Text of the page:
In the cross-examination of Drazen Erdemovic, Radovan Karadzic revisited the well-worn conspiracy theory about the involvement of the French intelligence service in ‘what was done’ in Srebrenica. The prosecutor asked the accused to clarify ‘what is that was done’. Karadzic rashly replied ‘the liquidations and executions in July 1995’ and soon regretted what he had done
Radovan Karadzic today continued the cross-examination of Drazen Erdemovic. Karadzic put forward his version of the crimes that were committed in July 1995 in Srebrenica. According to Karadzic’s version, the French secret service gave 12 kilos of gold to the members of the 10th Sabotage Detachment ‘to do what was done’.
When the prosecutor asked the accused to specify ‘what was done’ on the orders of the French secret service, Karadzic replied ‘the liquidations and executions in July 1995’. Karadzic soon realized that he had unwittingly confirmed that ‘the liquidations and executions’ had been carried out in Srebrenica and tried to backpedal, saying, ‘I’m not making any claims’. It was ‘up to the prosecution to prove it’, he said.
Karadzic’s version of Srebrenica executions isn’t new. By the end of 1999, it was already aired by Milosevic’s information minister Goran Matic. In 2000, at the trial of General Radislav Krstic, defense’s military expert General Radovan Radinovic tried to convince the Tribunal of it, to no avail. General Krstic was sentenced to 35 years for aiding and abetting genocide in Srebrenica in 1995. Finally, in his evidence in the defense of Slobodan Milosevic in 2005, Serbian Radical leader Vojislav Seselj offered the same explanation for the crimes.
In his take on the Srebrenica ‘French connection’ theory, Karadzic started with Erdemovic’s evidence that commander Milorad Pelemis used the members of the 10th Sabotage Detachment for his own ends, primarily to make profit for himself. According to Erdemovic, there was a rumor that Pelemis found 12 kilos of gold in Srebrenica. Karadzic contends that those who got only a little or nothing of the booty grew discontented. Since it was impossible that this much gold could have been found among ‘the poor people of Srebrenica’, the only logical explanation is that the gold had come from the French secret service who had paid for the massacre of prisoners at the Branjevo farm and possibly for the other ‘liquidations and executions’ in Srebrenica, Karadzic explained.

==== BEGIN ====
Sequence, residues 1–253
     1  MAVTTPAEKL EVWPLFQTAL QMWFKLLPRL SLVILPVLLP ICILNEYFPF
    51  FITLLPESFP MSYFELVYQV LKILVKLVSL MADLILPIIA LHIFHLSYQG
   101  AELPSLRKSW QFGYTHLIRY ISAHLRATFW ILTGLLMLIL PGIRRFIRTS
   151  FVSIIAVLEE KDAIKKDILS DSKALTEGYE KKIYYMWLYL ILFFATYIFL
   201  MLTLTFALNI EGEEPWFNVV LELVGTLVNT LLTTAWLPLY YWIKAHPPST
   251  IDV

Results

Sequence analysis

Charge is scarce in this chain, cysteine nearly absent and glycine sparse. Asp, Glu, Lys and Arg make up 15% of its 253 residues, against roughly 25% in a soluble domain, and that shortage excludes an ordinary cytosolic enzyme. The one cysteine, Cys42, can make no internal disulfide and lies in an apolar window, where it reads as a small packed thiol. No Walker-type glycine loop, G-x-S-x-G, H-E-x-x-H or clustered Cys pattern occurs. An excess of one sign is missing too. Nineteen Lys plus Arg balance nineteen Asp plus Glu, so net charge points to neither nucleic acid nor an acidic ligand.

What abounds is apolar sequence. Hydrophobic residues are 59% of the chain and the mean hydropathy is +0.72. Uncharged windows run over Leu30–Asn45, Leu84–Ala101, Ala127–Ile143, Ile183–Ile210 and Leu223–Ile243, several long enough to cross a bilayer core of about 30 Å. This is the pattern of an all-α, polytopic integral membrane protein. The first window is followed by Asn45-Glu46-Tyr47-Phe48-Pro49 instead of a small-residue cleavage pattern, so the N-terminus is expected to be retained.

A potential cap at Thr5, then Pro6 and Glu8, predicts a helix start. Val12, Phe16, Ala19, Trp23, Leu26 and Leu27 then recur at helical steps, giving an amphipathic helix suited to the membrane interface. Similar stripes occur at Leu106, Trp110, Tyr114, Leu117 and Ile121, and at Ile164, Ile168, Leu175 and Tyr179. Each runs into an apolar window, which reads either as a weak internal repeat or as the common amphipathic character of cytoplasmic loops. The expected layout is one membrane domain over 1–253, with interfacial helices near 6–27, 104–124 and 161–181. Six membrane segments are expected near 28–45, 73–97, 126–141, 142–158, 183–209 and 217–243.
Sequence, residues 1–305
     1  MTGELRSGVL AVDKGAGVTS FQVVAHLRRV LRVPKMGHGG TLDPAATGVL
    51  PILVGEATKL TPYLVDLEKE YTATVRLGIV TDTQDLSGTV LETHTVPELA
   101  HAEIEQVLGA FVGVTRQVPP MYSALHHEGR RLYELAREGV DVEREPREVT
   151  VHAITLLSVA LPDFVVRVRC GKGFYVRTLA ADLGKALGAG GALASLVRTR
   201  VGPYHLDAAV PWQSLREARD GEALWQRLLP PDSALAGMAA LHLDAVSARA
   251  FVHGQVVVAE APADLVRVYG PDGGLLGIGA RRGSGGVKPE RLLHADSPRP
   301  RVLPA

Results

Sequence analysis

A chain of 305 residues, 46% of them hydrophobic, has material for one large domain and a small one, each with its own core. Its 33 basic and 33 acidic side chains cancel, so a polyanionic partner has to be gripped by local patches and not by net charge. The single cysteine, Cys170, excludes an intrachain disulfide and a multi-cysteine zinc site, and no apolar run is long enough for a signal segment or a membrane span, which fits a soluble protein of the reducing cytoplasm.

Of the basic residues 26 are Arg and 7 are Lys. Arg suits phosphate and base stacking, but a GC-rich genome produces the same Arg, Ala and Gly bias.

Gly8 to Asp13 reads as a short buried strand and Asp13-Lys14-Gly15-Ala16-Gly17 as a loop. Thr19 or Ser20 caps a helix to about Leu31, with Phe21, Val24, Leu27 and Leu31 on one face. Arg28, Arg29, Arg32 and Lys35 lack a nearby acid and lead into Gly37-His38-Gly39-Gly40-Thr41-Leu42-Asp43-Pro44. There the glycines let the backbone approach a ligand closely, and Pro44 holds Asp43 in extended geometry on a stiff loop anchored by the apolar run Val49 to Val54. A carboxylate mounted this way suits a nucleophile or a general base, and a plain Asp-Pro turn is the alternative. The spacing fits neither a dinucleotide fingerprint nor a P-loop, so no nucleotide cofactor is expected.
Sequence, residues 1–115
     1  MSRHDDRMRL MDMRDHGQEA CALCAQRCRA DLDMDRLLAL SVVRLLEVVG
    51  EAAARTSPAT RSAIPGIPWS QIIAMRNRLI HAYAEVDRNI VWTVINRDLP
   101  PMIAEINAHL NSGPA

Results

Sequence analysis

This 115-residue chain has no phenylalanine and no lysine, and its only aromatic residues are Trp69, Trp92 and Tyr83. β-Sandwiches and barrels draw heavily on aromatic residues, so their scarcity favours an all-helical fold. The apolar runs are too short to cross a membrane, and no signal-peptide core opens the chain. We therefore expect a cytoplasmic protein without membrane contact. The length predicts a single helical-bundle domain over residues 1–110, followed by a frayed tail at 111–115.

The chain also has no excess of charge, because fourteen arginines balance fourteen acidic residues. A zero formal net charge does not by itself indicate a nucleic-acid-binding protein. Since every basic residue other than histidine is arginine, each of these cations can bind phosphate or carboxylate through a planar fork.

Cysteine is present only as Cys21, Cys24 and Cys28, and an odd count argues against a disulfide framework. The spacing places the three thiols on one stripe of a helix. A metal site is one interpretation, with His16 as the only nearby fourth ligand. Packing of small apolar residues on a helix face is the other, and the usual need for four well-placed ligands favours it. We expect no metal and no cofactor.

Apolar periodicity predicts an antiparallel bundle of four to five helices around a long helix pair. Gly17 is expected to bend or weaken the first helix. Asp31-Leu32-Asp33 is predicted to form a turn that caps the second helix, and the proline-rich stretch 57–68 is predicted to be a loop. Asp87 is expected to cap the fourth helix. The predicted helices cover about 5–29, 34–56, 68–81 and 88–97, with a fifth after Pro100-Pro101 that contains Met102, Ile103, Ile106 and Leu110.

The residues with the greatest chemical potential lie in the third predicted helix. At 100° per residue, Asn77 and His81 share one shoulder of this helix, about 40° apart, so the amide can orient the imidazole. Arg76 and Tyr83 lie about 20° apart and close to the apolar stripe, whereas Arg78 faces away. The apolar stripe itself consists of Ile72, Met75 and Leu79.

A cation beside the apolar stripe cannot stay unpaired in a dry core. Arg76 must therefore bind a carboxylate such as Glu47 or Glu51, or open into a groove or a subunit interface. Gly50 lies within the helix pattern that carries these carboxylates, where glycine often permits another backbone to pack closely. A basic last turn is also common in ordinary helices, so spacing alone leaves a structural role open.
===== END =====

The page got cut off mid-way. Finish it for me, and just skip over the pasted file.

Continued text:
Before he expounded his ‘French connection’ argument, Karadzic tried to prove that eight people in Erdemovic’s detachment couldn’t have killed 1,000 or 1,200 prisoners in four or five hours they had been at the site. Karadzic asked Erdemovic if he or other members of the group killed the captives with ‘an intent to annihilate Muslims’, i.e., with the genocidal intent the prosecution alleges Karadzic had. Erdemovic replied that he had no such intent as he killed the Muslims, and didn’t know what intent the others had. ‘Some of them enjoyed it,’ Erdemovic added, particularly a group of men who had come from Bratunac and took part in the execution.
Erdemovic confessed to his part in the massacre at the Branjevo Farm even before the Tribunal indicted him for the crime. Karadzic asked Erdemovic why he had confessed. ‘Because I saw that my life had been destroyed that day, because of all the other persons who died that day, because of everything, Mr. Karadzic. At that moment, I didn’t think about my life. And that’s it’, Erdemovic replied.
After Erdemovic completed his evidence, the prosecution called General Manojlo Milovanovic, former chief of the VRS Main Staff.